MT. VERNON — No action was taken by the Mt. Vernon Township High School Board of Education on Friday night following an executive session to discuss the "setting of a price for the sale or lease of property owned by the public body."
Following a roll call, in which five of the seven board members were in attendance, the board went into executive session.
President Carl Miller announced the board would not be taking any action on the agenda item.
It's assumed by the writing of the agenda item that school officials are considering the sale of some or all of the buildings on the current campus.
FGM architect Greg Brown was present at the meeting, although it was not immediately known what role he plays in the sale or lease of the current campus buildings.
School officials have to decide within a reasonable amount of time what to do with the old buildings — some dating back to the turn of the century — before the premises are vacated. School officials previously announced it has purchased property at the intersection of Wells Bypass and Ambassador roads, and are moving toward a 2015 occupancy date.
Mt. Vernon City Council recently held a discussion about how it would avoid being responsible for disposal of old buildings. The discussion came after the city became responsible for the demolition of Horace Mann School.
"This school was originally District 80 property and we wound up with it for $1," City Councilman David Wood said during a meeting in February. "Depending on the bid process, we will spend hundreds of thousands of dollars to take it down. ... We need to be working toward communication and solutions so this type of problem doesn't reoccur."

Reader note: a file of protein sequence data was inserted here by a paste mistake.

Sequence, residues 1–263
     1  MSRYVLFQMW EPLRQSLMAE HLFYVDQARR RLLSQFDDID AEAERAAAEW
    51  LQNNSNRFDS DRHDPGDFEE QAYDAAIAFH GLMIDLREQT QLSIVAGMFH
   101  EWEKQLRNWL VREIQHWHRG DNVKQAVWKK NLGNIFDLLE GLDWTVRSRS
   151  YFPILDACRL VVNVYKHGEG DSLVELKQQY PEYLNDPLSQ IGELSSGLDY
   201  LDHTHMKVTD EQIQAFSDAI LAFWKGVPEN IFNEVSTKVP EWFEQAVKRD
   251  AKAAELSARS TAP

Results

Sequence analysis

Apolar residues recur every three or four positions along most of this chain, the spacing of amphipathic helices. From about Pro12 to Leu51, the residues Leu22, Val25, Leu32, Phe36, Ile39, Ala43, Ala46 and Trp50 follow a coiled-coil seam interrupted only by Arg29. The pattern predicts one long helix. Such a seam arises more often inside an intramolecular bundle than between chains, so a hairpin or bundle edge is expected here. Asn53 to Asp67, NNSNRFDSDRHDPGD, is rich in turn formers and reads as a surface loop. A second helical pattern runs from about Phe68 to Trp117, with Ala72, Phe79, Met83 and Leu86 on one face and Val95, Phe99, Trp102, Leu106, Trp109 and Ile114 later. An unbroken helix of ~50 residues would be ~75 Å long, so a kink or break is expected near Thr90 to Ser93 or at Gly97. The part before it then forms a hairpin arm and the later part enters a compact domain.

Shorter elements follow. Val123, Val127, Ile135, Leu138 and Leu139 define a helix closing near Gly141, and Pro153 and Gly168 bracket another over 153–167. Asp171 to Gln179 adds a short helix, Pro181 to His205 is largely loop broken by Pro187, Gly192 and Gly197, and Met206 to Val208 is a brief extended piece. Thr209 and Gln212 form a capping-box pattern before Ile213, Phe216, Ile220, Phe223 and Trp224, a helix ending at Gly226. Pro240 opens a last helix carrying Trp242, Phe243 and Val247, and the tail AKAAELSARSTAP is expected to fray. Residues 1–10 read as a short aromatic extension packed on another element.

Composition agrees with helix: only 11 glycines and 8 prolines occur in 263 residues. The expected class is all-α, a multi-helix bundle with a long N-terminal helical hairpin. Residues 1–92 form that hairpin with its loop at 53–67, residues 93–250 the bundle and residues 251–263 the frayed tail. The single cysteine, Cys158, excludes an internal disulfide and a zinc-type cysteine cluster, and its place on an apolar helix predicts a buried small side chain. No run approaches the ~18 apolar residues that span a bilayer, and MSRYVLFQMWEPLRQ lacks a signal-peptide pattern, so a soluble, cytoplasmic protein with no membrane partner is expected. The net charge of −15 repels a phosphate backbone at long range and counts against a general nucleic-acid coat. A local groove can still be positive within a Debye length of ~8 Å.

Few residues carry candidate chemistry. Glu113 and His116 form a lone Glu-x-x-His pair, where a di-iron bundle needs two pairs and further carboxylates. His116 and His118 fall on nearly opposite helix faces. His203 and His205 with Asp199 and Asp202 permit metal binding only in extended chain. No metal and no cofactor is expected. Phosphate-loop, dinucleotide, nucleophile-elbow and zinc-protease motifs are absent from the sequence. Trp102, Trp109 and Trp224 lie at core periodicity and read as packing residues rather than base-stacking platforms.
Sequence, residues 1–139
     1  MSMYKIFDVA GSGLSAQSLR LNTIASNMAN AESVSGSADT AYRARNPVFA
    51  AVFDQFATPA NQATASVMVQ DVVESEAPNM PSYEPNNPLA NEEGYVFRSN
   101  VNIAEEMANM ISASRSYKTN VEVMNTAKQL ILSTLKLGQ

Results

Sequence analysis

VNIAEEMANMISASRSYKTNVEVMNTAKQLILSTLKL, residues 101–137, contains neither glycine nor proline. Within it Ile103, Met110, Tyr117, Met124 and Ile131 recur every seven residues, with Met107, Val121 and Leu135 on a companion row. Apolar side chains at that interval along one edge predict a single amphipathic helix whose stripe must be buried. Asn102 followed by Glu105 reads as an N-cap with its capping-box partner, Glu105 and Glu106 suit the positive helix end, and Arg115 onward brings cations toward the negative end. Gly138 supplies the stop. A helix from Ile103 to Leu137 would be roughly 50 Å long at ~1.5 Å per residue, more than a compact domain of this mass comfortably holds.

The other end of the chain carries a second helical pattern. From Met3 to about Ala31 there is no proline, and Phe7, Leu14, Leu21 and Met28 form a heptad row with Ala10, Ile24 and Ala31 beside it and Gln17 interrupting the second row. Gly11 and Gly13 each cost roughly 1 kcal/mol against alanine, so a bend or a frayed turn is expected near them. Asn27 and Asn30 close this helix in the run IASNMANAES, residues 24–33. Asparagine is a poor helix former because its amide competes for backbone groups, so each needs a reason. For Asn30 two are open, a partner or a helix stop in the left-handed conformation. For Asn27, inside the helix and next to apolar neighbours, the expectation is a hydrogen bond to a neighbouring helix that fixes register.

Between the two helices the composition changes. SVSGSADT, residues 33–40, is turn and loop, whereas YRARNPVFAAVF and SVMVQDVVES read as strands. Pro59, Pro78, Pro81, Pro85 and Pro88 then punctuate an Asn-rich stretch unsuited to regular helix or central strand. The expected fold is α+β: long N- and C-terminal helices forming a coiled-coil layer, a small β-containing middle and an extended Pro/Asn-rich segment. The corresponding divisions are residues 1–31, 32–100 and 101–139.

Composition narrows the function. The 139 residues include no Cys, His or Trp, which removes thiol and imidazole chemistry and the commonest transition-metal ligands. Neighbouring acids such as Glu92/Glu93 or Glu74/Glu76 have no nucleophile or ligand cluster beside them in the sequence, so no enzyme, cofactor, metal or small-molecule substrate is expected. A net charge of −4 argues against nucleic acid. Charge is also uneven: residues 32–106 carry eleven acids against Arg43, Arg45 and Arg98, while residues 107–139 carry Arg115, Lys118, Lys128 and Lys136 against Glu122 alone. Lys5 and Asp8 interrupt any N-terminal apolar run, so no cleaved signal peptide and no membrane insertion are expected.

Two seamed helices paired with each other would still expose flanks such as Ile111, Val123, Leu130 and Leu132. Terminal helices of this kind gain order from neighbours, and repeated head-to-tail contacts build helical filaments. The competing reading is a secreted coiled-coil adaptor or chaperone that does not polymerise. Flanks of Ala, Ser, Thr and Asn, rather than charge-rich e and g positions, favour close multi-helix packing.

The facility, after it was deeded to the city, was used as a community center, and was host to several fundraisers as well as a meeting place for the Heartland Young Marines. It has also been used as a storage facility for city property.
In 2009, the city had to close the facility to the public due to finding black mold. An environmental report released last year indicated the building not only has black mold, but friable asbestos, which is more easily released into the air and requires specific abatement procedures during demolition.
Wood said he is concerned the city may be in a similar situation in the future when Mt. Vernon Township High School vacates its existing campus and moves to a new school building to be built on Wells Bypass.
"I know the school districts are another taxing body, but all the money comes from our citizens who are taxpayers," Wood said. "We need to be sure we don't have to spend this kind of money again to tear down a building."
City Manager Ron Neibert said he is working with the city's legal counsel to prepare a recommendation for the council on the issue.
"We want to address how school districts and other taxing bodies get rid of the buildings so it doesn't become a burden on our taxpayers," Neibert said. "There are a couple avenues we can pursue, but I want to evaluate those plans with our legal counsel."
Neibert was expected to have a recommendation prepared for the council this month.